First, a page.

Action Tomorrow, Fern Last Year - UPDATE October 12, 2017

Tomorrow morning, Friday, October 13, after breakfast, Sharon is going to open the gate between Holly and Lucky’s enclosures.Fern and cub 8/3/16Fern and cub 8/3/16

For Tasha, today, Sharon and John made more holes in Tasha’s treat log and put date paste in them. They also spread and hid food throughout her enclosure. They say she is still digging under the Cabin Den despite having an opportunity to den elsewhere.

Blue jay divingBlue jay divingOne of the local feeders sent me pictures of Fern and her cubs from last year—August 3, 2016. It is a sample of why this community loves bears. This is what neighbors visit neighbors to see, and have been doing since 1961. Instead of worrying what a mother with cubs might do, residents enjoy the families more than anything. That’s why there was such an outcry a few years back when the DNR decided to kill a mother that had hurt no one. People loved the bear, and the governor ended up saying on the radio that she would not be killed. You know the rest of that story. A problem for the DNR is that residents here grow to love the resident bears despite the warnings from the DNR about how dangerous they are. The DNR aids hunters in shooting them. This is Fern who many Den Cam watchers saw born on January 22, 2012 and saw grow larger the next winter in 2013. She is having a great time with her first litter, Clover (female), Clyde, and Cletus. The neighbor caught them splashing, nursing, and having a quiet moment.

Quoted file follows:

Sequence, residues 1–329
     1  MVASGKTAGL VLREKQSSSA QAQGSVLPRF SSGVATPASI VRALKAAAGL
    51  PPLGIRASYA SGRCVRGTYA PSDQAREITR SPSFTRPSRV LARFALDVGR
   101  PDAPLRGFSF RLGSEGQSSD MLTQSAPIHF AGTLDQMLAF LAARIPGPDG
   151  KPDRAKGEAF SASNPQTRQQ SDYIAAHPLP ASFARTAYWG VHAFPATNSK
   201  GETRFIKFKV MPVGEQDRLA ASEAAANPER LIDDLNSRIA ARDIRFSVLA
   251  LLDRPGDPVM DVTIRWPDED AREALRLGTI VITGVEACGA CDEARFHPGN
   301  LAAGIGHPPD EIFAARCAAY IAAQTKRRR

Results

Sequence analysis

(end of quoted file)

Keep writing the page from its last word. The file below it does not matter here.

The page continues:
Fern and cub 8/3/16 Fern and cub 8/3/16 Fern and cub 8/3/16
Fern and cubs in a tub 8/3/16


The pictures show what I wish all Lily Fans could see in person.

Mallard maleMallard maleOut the window, this male mallard is now getting his green head as part of his fresh fall plumage for migration. A diving blue jay showed how it doesn’t always have to flap its wings in unison as in straight flight. In dives, they can use their wings individually for high maneuverability as when eluding hawks.

Thank you for all you do.

Lynn Rogers, Biologist, Wildlife Research Institute and North American Bear Center

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